“Distance does come into play considering the fuel savings,” explains O'Halloran. “What we have done is looked at some of our technicians who travel the greatest miles in their trips to the customers and the type of work they perform at the jobsite. If it is feasible that the technician can fulfill the customer's service needs with the smaller truck stock available in the Transit Connect, then they are a candidate for this type of vehicle.”

Also, making sure the technicians understand the reasons why the company is having them drive a smaller vehicle is imperative to having them adjust to a smaller vehicle.

“Our field technicians understand the cost associated with driving a full-size service truck all over the Chicagoland area and are supportive in Murphy & Millers efforts to cut cost in order to improve the sustainability of the business,” says O'Halloran. “It is difficult for most service technicians to changeover to a smaller vehicle when they are so used to a full-size van that allowed them to carry everything they ever needed, but may never use. The logic we try to teach to the new Transit Connect drivers is to think practical and carry only the parts and tools necessary for daily service. We are in a business that sees a lot of change, so just the same as we have adapted to learning how to service all the new equipment, we will adapt to a new way to transport ourselves.”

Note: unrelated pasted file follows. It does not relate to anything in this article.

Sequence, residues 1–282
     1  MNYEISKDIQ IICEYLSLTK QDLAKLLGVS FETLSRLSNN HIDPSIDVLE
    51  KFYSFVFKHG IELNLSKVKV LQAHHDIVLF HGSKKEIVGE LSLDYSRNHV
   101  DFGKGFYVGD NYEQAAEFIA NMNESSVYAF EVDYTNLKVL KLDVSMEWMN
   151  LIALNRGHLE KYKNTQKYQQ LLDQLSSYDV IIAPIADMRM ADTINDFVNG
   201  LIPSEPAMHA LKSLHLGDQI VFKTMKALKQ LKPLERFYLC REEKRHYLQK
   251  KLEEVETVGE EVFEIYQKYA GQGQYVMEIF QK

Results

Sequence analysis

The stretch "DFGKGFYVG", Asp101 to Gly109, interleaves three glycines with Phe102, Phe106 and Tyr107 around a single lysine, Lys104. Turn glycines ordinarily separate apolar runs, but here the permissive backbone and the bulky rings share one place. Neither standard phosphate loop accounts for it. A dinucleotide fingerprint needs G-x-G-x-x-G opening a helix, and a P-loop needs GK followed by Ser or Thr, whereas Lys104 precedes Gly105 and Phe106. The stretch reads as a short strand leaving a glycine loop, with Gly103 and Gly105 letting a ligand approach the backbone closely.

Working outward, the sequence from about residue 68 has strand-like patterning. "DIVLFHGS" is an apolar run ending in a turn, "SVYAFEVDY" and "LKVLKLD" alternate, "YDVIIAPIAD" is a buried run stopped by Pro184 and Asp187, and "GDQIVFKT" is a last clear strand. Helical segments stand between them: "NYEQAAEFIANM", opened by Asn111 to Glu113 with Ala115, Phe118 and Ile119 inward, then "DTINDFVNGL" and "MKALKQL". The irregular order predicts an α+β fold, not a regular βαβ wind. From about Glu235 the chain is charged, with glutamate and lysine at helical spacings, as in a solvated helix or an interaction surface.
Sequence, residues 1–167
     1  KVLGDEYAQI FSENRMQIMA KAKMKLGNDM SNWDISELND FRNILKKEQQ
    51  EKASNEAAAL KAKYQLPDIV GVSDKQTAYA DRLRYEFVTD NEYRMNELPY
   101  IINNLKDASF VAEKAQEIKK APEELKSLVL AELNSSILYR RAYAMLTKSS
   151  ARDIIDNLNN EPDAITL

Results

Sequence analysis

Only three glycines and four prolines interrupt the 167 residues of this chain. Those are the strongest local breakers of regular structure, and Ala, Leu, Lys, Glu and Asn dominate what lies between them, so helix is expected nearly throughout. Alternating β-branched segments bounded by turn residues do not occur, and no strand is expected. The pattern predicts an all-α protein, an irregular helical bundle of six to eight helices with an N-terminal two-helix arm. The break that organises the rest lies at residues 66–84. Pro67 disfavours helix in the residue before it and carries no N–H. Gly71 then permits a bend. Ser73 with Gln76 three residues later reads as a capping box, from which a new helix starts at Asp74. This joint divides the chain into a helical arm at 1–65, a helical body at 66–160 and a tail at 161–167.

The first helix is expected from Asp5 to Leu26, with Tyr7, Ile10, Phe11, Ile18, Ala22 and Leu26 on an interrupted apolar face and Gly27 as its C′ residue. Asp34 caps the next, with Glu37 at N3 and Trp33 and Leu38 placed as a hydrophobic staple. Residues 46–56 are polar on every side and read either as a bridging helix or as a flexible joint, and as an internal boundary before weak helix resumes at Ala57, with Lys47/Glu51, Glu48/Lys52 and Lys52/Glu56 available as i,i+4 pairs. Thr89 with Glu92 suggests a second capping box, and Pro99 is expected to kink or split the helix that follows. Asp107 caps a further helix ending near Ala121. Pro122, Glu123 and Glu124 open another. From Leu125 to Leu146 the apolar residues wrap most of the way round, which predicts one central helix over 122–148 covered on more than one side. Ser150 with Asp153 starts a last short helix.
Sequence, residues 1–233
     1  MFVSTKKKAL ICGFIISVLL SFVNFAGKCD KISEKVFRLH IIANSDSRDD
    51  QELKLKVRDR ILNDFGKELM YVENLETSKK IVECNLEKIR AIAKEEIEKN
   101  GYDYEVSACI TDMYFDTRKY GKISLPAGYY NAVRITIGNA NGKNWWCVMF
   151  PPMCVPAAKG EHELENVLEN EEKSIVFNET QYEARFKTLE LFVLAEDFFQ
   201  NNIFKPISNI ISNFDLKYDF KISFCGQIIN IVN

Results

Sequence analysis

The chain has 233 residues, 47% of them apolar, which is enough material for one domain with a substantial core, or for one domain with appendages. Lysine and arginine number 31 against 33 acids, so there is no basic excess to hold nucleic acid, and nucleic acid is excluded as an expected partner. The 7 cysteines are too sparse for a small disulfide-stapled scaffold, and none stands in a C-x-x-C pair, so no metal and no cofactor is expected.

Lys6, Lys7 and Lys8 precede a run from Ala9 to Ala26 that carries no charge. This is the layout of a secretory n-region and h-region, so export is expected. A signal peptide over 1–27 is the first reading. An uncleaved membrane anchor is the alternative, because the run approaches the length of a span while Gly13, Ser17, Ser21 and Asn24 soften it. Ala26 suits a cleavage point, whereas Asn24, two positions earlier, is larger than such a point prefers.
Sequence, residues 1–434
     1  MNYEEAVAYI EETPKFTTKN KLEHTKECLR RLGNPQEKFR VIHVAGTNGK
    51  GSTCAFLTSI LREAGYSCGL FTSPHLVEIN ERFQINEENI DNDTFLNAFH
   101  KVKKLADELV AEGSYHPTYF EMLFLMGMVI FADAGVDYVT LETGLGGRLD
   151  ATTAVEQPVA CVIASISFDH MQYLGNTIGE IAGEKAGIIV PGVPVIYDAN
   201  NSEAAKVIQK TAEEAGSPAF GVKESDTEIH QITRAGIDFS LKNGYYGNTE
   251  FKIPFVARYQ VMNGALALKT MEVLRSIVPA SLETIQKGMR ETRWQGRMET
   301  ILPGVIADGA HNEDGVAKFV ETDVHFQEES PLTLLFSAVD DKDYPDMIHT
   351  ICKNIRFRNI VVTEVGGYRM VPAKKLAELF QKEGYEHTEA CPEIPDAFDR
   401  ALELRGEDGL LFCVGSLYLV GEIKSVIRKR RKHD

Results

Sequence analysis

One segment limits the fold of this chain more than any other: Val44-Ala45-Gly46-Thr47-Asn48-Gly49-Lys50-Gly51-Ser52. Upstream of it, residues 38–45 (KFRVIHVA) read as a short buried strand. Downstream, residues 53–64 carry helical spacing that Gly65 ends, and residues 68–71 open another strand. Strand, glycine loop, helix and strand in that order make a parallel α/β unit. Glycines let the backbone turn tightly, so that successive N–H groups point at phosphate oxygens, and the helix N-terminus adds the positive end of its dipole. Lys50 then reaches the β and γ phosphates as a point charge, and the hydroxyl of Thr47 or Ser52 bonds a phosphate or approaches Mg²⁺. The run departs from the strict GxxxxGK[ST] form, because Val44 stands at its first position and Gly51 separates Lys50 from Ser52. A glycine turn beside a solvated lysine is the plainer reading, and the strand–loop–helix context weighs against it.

Steve Bouska, owner of Help Services LLC, Oklahoma City, Okla., a plumbing diagnostics company, is also using the Transit Connect. He purchased the vehicle in February 2011.

According to Bouska, the cargo space, fuel economy, price and double sliding side doors were essential to his decision to purchase the vehicle.